Our Place

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Gooble. Gooble. Gooble. Gooble. Gooble. Gooble. Gooble. Seriously . . . is all that noise necessary? Apparently it is. Mr. Tom felt the need to awaken us at this morning’s first light with his non-stop gobbling–his way of calling the hens to join him. Disclaimer: I didn’t take this photo until later in the day. In all his ugliness, I have to say that he really is a handsome fellow.

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The hens who hang out with him don’t appear to care, but maybe they’re just playing coy.

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We left them to the bird seed scattered on the ground and drove to Farnsworth Road in Brownfield for a hike up Peary Mountain. The trail is located on private property and we’re thankful that it’s open to hikers. Much of it is a snowmobile trail as well.

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The Little Saco flows over moss-covered rocks beside the lower part of the trail.

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As we followed it, bright green growth in the damp soil warranted a closer look.

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A true sign of spring–false hellebore with its corrugated leaves.

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There are plenty of other signs, including the pink and green striped maple buds. I’m missing my macro for these moments of early glory, but so it is.

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While some beech trees still have a few marcescent leaves clinging until they can no more, I noticed a few buds beginning to burst.

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At a stone wall, the trail suddenly turns 90˚ to the left.

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But in the opposite direction–the remains of an old foundation.

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And above, a ledge from whence the stones presumably came.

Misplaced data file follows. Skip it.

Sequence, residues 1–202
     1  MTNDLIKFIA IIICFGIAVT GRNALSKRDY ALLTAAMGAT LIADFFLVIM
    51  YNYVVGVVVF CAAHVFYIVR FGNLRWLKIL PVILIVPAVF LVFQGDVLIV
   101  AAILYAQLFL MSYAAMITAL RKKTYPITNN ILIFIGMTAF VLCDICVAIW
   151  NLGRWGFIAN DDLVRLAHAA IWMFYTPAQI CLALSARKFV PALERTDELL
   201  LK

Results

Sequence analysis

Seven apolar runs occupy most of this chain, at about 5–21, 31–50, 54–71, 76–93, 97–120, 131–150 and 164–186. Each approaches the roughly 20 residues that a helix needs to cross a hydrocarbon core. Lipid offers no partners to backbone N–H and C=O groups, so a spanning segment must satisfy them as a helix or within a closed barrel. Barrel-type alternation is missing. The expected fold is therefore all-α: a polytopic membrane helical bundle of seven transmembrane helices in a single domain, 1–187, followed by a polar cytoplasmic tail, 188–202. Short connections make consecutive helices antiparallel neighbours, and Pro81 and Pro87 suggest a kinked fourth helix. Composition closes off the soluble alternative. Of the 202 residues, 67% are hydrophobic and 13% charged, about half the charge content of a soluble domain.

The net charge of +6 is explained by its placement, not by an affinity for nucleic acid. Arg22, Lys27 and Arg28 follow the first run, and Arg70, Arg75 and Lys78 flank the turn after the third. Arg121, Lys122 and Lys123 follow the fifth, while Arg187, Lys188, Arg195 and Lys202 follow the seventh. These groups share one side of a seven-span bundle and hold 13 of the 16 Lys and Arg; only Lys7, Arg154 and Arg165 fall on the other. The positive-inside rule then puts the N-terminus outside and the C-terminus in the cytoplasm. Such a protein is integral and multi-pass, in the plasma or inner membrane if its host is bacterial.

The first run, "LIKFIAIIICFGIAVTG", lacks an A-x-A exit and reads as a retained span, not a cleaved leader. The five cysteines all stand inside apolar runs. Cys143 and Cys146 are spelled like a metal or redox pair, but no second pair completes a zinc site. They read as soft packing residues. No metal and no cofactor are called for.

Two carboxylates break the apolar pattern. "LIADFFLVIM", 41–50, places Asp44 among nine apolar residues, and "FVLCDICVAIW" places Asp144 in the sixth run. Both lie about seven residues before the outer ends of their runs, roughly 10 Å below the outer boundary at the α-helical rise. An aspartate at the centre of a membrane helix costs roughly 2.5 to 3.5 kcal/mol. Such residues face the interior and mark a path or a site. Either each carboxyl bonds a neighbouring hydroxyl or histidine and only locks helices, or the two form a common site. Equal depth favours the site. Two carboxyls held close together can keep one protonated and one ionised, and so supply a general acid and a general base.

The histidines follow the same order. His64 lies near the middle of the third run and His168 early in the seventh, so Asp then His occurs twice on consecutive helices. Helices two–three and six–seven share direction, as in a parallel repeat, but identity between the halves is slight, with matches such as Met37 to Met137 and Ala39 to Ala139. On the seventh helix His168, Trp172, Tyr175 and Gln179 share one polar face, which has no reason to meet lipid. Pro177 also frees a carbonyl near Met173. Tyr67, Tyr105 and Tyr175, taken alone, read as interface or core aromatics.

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The ledge continues to provide a dwelling–for critters like the porcupines who keep the hemlocks well trimmed.

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As we climbed to the top, delicate bluets showed their smiling faces.

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And then we emerged on the 958-foot summit, where the bench view is glorious. The small mountain was named for Admiral Peary. Apparently, his mother’s family, the Wileys, lived in neighboring Fryeburg. Upon graduating from Bowdoin College in 1877, Peary lived in Fryeburg and conducted survey studies of the area for a couple of years, before moving to DC and later leading an expedition to the North Pole.

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If you’ve seen similar views of the big mountain, its because it’s part of our place.

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I followed my guy along the ridge line to the end–where the view turned homeward.

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My guy made a point of recognizing landmarks from Mount Tom and Lovewell Pond along the Saco River to Pleasant Mountain and Brownfield Bog.

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If you look closely, you’ll notice a horizontal line just below the bog–that’s the Saco River. And the little mountain to the left of Pleasant Mountain–Little Mountain in West Bridgton.

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The only part of the view that we don’t get–the new road that was constructed up the backside of the mountain within the past year. It worries us. And that is why we appreciate the efforts of Loon Echo Land Trust for protecting most of the rest of the mountain.

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We headed home for lunch and to pull out the lawn furniture.* And then we parted ways, my guy to attend a celebration of life for an old friend, and me to climb Bald Pate. My purpose–to look at the pitch pines and jack pines.